The report did not stem criticism. BBC's File on Four, broadcast on 27th of July, focused on new complaints. Parents of disabled children who became 18 had to apply at great expense to be deputies to manage their children's meagre finances and thought their particular situation had been overlooked.  A compensation award invested at 0.5% interest instead of 4.5%, the Halifax rate of interest at the time, was bitterly attacked by an accident victim who estimated he had lost £50,000. Another accident victim was awarded £1.5 million and wanted to know the number of hours charged for by her deputy and after 3 months had not been told. The charity Elder Abuse was receiving constant calls to its helpline about fees for unnecessary work and the Court approving too many bills in excess of the £1100 capped rate. Delay in preventing financial abuse was highlighted. The niece of a hospital patient with dementia had taken £300,000 out of P's accounts and conveyed P's home into joint names.  It took 3 months to cut off the niece's access to the accounts and no sanctions were taken against her. The Court was attacked for being slow and lenient. The programme concluded that lobbyists like the Court and the public do not.

It is worth remembering the previous Court was also vilified.  A Parliamentary Ombudsman Report in 2005 noted poor staff training, high staff turnover, and serious mistakes in managing clients' money.  There were poor investments and lost cash leading to compensation claims.  Staff often never replied to letters and took months to sort anything out. When complaints mounted up internal memos were written which were "staggering in their arrogance".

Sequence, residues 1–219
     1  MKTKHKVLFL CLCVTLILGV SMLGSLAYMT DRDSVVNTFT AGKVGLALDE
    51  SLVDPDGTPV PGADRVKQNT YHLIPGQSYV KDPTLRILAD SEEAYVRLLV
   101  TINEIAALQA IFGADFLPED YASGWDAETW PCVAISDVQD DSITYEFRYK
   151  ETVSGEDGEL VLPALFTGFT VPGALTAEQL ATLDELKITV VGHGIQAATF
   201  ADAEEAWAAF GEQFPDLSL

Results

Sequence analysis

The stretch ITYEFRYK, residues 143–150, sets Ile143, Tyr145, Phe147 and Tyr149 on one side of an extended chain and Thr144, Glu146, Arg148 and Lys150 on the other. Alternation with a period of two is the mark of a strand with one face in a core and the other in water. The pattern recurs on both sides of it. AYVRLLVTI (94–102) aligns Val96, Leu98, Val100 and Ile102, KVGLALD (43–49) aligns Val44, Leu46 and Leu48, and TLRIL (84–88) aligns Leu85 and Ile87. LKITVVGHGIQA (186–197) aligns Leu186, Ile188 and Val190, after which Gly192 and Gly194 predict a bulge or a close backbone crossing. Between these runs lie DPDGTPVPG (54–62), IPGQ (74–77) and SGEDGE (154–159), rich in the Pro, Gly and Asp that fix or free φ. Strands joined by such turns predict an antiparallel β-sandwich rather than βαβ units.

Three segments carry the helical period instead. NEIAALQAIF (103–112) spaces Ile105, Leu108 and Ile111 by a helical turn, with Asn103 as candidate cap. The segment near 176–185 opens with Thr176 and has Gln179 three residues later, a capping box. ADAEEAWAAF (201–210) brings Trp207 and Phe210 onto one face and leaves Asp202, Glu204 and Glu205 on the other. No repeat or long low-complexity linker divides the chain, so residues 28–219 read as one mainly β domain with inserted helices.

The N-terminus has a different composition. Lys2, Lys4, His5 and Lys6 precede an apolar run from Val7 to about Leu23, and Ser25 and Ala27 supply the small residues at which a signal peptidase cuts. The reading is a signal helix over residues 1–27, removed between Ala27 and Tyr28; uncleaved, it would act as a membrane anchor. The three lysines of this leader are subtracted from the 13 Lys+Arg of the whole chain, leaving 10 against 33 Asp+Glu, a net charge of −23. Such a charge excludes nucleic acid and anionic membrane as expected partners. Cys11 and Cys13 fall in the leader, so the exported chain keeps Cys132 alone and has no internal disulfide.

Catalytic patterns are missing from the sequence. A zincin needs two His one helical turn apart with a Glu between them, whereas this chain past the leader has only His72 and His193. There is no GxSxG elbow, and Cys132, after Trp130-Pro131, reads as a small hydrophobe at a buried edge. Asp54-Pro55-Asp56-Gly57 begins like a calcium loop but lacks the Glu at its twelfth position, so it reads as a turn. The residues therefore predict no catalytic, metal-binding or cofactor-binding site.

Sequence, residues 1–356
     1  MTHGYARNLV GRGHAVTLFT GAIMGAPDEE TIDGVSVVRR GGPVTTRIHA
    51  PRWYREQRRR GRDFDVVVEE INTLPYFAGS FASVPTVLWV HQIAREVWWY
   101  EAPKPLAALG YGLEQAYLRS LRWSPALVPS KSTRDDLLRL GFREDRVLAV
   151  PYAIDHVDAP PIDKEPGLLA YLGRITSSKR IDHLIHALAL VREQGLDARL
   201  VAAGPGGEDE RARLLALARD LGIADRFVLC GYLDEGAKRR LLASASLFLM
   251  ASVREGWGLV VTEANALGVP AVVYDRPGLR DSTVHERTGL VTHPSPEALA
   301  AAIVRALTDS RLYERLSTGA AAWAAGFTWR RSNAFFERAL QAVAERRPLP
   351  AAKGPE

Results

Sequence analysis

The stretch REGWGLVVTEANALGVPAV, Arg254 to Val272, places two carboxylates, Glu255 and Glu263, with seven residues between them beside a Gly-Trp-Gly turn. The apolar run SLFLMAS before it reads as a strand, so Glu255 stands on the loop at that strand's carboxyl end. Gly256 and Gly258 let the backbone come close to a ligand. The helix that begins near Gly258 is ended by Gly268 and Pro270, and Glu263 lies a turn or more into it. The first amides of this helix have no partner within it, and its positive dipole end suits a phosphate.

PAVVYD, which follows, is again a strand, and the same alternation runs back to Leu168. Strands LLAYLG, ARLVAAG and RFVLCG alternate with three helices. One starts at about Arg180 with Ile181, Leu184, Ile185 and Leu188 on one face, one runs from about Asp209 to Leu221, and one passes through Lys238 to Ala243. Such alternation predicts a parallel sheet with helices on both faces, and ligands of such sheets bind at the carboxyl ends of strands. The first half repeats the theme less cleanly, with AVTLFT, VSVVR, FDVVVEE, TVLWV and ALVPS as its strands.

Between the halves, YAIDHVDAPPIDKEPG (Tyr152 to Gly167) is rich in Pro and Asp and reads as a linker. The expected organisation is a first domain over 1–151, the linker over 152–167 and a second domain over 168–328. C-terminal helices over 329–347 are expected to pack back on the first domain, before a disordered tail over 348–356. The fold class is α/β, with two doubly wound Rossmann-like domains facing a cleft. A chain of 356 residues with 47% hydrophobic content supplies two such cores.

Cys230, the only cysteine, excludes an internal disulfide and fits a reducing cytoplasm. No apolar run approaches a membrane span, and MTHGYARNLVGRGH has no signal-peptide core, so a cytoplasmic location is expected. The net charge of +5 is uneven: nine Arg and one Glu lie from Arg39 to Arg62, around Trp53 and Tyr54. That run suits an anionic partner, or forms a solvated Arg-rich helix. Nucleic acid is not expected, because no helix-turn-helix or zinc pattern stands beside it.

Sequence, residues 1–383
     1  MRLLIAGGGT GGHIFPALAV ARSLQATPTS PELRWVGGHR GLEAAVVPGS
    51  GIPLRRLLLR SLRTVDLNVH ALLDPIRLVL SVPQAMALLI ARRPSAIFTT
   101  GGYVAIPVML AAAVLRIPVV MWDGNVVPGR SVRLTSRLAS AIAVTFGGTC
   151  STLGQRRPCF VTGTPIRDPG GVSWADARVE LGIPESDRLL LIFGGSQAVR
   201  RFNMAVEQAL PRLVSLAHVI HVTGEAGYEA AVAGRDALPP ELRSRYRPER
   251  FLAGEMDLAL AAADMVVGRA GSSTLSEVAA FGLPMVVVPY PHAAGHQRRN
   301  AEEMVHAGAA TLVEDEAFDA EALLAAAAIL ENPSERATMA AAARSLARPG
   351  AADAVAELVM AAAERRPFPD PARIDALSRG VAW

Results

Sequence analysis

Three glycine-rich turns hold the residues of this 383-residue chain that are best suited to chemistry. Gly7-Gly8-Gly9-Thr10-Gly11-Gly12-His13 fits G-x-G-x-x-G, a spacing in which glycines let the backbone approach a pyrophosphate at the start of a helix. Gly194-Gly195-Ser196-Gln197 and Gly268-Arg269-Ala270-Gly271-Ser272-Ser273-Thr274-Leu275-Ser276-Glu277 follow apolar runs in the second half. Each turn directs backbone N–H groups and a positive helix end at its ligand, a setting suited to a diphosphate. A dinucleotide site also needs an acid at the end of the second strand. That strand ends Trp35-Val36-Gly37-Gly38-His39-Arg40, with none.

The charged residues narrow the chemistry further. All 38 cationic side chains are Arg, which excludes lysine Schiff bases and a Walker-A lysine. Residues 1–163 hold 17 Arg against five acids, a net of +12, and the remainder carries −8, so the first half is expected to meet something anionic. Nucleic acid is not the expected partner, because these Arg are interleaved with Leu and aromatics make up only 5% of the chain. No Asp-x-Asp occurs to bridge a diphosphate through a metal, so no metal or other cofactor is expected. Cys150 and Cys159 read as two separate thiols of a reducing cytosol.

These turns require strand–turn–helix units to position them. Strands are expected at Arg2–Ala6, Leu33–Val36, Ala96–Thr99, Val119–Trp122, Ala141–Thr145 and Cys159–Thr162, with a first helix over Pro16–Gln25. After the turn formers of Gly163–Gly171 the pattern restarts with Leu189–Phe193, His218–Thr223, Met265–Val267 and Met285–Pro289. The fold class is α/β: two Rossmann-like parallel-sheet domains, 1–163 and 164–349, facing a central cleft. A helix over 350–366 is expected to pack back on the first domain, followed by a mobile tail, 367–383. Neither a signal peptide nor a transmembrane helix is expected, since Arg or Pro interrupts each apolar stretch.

Overall the Court is trying to improve. It does have a challenging client base and a large volume of work. Some of the delays maybe due to lawyers not using its emergency provisions (see Urgent Applications in the Court of Protection, Pierce and Jackson (Jordans)). It is admitting shortcomings and attempting to adapt quickly.  There are now 2,000 applications per month. Previously the four judges based at Archway could not keep up with the volume of work. Although three new judges were appointed in Spring 2010 none of them had sat as judges before their appointment. Meanwhile two experienced Judges will be leaving by spring 2011. It is likely the Senior Judges optimism for future efficiency is misplaced and there will be more delay. 

The media have a grievance about removing its right of access, at time when the culture is towards more open justice and will continue with criticism campaigning to get into the hearings.  The pressure group Families Against Court of Protection Theft  set up by relations who were unhappy with the CoP is also a vocal critic but has a limited ability to solve the problems of others.  Website content such as the OPG's pledge to acknowledge a complaint within two working days, unless it does so, will fuel the flames. 

It is hoped the new forms, produced with the benefit of the HMCS's drafting experience, will be an improvement on the OPG's previous efforts and will be comprehensible and user friendly. It has been a very bumpy start.  The basement interest rates need to be addressed.   The tenor of past complaints has been of faceless bureaucrats making incomprehensible decisions, then failing to communicate about them.  Focus should be on running an efficient, responsive, problem solving service for the most vulnerable. For many, the Court is still not serving the most vulnerable but adding to their problems.